In the Gospel reading today we heard the parable of the Publican and the Pharisee which sheds some light onto one of the greatest problems that we have had and continue to have in materializing community. In this parable of Christ we were told of the Pharisee who believed that he himself was a member of an exclusive community; a community that some individuals were not truly worthy of membership, for example the tax-collector. Dorotheos of Gaza emphasized this point when he explained that the Pharisee was condemned not because he was giving thanks to God for his own good works or because he said, "I am not like other men" but because he said, "I am not like this tax-collector.' For it was at that point, concluded Dorotheos, that the Pharisee made a judgment (p.132).
Judgment, the act of pronouncing a decision. Judgment, the justification by which we either include or exclude someone. Judgment, the greatest enemy of and threat to community. Throughout the New Testament we are clearly instructed not to judge others being that as St. John writes "all judgment has been left to the Son" (5:22). We have been advised in this fashion being that as St. Maximos the Confessor explains "He who busies himself with the sins of others, or judges his brother on suspicion, has not yet even begun to repent or to examine himself as to discover his own sins, which are truly heavier than a great lump of lead..." (Philokalia Vol.2, p.92.). Passing judgment was unfortunately the vice of the Pharisee. You see, by passing judgment upon the tax-collector and the publican's worthiness before God, he not only condemned himself, but made himself an enemy to the worshipping community. Similarly, anytime an individual or group excludes others because they are poor or doubters or younger or uneducated or sinners or of some different race or nationality they too, with the Pharisee, deny community.
If this in fact the case, that is, that individuals who are exclusive are not allies but enemies of a community, then it is logical to conclude that the true meaning of community is inclusiveness. Whether in the story of the monastery and its monks, the sociological theory of Scott Peck, the mission statement of the Hellenic College and Holy Cross, the ecclesiology of Metropolitan John Zizioulas, or the temple setting of the Publican and the Pharisee, inclusiveness is a fundamental principle that sustains community.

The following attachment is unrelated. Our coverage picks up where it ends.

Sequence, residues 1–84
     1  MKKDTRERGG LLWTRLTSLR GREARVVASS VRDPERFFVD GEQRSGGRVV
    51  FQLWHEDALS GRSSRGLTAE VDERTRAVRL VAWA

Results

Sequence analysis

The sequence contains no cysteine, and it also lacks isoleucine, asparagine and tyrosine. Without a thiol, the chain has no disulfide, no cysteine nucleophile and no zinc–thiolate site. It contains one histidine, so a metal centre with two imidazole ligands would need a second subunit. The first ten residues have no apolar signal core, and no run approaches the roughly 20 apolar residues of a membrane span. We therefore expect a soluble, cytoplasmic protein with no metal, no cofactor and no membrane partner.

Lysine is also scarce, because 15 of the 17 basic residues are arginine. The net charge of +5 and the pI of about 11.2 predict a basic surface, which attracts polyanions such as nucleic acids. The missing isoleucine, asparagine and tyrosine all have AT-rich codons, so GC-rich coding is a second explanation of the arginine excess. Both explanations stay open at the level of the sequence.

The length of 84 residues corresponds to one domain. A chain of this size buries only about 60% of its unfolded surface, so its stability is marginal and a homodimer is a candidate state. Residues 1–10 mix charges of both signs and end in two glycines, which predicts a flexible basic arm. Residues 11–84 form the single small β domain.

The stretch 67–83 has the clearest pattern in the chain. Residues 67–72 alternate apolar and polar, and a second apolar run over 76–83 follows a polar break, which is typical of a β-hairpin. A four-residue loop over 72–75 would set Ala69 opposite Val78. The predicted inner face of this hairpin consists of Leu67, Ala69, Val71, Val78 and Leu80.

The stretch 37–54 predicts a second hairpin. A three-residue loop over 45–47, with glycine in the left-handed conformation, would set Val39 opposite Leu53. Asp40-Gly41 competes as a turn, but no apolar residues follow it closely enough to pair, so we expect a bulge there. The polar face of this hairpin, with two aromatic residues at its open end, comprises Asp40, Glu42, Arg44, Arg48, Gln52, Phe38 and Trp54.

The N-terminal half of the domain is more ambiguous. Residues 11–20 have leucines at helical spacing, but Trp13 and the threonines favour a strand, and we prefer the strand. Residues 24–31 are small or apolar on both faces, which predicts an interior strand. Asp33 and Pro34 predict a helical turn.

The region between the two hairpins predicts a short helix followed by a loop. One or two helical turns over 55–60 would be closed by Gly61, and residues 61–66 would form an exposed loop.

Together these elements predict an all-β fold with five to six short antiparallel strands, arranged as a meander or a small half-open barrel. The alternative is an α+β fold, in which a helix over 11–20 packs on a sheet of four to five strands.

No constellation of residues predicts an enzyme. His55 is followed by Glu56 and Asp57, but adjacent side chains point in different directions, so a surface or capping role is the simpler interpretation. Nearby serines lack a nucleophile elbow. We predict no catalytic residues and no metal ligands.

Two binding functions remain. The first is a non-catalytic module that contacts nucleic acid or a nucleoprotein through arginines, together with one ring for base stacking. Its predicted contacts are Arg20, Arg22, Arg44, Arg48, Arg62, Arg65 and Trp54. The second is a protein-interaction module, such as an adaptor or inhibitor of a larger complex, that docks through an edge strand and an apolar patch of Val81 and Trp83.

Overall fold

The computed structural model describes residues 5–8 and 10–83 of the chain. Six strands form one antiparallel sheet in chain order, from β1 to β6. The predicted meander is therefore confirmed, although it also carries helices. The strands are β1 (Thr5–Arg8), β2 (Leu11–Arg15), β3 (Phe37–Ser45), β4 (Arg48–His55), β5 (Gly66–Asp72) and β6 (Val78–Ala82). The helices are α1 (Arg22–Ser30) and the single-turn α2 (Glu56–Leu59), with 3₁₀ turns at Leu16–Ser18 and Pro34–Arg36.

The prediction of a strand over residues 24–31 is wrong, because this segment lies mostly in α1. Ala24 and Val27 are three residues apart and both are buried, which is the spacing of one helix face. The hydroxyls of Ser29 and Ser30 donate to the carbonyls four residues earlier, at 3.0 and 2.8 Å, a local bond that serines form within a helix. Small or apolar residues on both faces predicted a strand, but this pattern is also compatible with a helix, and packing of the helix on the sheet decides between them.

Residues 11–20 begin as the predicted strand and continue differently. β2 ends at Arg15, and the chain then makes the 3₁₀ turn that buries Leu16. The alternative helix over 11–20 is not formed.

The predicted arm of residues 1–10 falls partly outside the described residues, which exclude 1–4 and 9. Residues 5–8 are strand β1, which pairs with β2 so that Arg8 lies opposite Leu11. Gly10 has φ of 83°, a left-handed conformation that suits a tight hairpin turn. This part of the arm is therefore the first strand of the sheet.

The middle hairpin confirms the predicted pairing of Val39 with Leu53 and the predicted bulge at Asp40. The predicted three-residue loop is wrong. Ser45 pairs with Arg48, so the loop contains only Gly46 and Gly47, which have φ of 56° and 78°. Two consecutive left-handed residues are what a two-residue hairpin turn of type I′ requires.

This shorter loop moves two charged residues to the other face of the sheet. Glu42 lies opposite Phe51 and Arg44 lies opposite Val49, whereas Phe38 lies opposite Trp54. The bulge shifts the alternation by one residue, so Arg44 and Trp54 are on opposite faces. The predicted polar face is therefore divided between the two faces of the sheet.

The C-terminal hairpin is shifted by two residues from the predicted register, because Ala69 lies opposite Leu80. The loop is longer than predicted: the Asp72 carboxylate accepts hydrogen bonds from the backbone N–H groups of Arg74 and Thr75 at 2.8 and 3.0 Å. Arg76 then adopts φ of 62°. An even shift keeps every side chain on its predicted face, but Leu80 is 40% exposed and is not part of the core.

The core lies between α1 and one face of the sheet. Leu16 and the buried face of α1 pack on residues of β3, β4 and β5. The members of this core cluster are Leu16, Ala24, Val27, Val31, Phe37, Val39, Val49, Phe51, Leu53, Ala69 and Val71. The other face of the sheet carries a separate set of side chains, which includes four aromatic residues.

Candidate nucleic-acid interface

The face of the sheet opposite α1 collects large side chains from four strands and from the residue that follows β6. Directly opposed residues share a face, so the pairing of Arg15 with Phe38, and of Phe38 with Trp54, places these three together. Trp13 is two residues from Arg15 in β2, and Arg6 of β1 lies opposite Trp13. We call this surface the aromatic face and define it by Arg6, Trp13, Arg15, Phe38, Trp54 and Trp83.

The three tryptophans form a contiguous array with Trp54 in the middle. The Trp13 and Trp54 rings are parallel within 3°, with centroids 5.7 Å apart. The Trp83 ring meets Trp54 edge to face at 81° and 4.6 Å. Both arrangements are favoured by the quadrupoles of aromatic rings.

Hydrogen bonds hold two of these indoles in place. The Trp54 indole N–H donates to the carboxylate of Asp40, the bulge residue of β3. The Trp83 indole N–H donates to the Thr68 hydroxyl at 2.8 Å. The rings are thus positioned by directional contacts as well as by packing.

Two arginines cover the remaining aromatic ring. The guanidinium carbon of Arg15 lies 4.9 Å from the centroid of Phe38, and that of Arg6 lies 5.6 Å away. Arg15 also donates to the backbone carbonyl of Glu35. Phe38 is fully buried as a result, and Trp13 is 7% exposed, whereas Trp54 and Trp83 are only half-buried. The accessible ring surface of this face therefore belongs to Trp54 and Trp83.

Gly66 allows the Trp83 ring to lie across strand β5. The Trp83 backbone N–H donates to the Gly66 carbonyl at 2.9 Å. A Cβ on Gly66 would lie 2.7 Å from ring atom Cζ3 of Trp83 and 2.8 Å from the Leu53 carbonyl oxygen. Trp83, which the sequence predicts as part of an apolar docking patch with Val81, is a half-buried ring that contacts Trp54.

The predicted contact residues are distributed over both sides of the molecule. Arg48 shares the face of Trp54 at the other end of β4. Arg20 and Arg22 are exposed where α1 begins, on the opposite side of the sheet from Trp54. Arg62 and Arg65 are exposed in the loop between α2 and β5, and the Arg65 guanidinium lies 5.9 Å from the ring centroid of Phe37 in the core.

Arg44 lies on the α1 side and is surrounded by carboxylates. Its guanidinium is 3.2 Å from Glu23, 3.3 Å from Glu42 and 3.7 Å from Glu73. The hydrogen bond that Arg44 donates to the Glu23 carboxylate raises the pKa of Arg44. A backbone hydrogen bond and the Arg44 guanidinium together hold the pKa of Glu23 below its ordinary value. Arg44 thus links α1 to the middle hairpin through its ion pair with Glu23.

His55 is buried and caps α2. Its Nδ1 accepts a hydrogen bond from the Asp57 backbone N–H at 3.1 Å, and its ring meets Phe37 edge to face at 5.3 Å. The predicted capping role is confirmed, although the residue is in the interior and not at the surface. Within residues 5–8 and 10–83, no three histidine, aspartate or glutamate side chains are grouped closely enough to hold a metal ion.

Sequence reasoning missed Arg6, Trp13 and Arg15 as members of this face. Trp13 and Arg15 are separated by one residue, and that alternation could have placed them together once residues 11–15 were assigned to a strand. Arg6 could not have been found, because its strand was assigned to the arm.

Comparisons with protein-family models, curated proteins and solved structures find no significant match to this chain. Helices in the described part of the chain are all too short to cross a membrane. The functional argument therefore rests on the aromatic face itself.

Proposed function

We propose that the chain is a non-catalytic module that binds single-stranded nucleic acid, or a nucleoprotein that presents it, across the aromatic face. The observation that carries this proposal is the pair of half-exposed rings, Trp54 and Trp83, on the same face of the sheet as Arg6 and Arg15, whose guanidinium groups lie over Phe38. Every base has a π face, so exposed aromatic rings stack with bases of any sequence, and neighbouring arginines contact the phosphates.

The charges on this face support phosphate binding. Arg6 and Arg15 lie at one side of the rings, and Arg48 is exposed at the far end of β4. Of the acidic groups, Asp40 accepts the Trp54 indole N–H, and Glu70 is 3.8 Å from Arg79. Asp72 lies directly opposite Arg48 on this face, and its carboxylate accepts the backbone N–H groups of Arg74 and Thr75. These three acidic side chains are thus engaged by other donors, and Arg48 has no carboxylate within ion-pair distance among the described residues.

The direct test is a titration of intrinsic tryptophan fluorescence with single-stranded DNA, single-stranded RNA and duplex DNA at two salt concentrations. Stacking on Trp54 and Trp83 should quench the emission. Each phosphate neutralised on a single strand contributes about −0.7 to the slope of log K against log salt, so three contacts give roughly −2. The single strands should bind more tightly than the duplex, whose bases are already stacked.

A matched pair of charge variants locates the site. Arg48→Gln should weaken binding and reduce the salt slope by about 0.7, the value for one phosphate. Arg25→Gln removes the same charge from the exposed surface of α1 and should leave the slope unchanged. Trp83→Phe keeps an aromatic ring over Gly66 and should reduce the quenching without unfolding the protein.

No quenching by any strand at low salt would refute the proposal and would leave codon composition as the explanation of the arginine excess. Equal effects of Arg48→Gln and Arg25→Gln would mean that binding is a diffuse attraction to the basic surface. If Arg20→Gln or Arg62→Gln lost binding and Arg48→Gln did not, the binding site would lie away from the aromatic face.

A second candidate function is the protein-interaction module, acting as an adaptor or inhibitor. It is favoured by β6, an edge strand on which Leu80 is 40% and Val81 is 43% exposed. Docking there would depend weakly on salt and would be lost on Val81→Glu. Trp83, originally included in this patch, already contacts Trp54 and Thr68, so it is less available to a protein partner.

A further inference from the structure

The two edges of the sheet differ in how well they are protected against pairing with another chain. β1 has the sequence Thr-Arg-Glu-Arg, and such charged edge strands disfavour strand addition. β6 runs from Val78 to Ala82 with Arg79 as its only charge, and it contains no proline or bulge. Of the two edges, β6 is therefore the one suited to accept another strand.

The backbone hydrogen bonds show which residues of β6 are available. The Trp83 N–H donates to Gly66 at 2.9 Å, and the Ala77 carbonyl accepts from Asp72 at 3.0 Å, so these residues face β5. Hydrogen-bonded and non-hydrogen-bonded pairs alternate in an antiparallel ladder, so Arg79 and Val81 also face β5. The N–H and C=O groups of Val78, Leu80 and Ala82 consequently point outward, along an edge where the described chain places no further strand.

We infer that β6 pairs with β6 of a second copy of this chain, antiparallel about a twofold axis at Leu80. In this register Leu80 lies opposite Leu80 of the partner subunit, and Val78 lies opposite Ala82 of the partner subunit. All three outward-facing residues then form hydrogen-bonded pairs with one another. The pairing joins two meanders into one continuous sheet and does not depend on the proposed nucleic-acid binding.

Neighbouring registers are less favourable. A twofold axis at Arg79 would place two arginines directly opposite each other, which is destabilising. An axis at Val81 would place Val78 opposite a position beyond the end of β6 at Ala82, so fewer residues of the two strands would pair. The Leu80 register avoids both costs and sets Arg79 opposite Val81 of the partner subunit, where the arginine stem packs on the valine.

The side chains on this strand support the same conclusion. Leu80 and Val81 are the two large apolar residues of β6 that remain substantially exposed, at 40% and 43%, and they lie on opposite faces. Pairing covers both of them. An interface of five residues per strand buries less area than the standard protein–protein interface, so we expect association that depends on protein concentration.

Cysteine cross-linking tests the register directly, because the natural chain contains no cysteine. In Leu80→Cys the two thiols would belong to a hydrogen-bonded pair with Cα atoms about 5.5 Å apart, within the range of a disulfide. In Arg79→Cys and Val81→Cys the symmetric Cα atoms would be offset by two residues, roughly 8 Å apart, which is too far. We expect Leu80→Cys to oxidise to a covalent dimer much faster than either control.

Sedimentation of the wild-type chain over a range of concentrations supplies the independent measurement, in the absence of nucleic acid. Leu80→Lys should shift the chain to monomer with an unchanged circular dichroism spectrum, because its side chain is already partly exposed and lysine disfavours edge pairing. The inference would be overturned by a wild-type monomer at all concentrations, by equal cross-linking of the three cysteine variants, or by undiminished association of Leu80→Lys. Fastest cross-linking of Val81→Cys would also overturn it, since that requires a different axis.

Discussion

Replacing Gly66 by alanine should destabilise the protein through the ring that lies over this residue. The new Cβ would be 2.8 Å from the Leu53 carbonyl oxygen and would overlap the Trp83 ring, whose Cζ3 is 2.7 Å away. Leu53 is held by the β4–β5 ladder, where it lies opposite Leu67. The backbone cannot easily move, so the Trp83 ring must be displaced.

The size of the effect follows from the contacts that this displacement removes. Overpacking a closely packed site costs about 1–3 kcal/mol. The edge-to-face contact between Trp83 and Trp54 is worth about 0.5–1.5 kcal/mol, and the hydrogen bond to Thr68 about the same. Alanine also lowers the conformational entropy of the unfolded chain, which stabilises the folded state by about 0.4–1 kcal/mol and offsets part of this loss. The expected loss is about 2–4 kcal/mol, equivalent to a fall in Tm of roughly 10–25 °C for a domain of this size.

As Orthodox Christians we are called to imitate Christ throughout our lives. As Orthodox Christians we are called to go forth and "make disciples of all nations, baptizing them in the name of the Father, and the Son and the Holy Spirit." As Orthodox Christians we are called to be good stewards of God's all inclusive community, His Creation.
Our efforts of sustaining these communities can only be achieved synergisticly, that is, committing ourselves to putting on Christ. For when we wrap ourselves in the bright robes of our Savior we radiate with love. And through love, we remain committed to inclusivity. We love our neighbor and hate the sin. We do not judge the "publicans" of our communities but pray with them, for them, and attempt to pastorally care for them.
This is the means by which the monks in the monastery were able to transcend their divisions and establish a community. They, in a sense, as Dorotheos of Gaza proposed; were the straight lines drawn from the circumference of a circle that was centered in God. As these men grew in desire to draw nearer to God they slowly moved closer towards each other. And likewise, with every step they took towards each other, they became closer to God. "Now" as Dorotheus explains, "consider in the same context the question of separation [in our terms a lack of community]; for when they stand away from God and turn to external things, it is clear that the more they recede and become distant from God the more they become distant from one another."
In a similar fashion, the more we separate ourselves from our fellow citizens in Gods Creation, the more we have removed ourselves from communion with God as attested in the parable of the Publican and Pharisee. If, on the other hand, we sustain an extraordinary respect for our brethren, whether in Brookline, Hellenic College and Holy Cross, Polemanakos Hall, Halki and Dendrinos villages or our Holy Cross Chapel, not only will we draw closer to them by transcending our divisions, draw nearer to God. And, when we have advanced towards God to the point that we have centered our lives in His virtue, we have truly established community.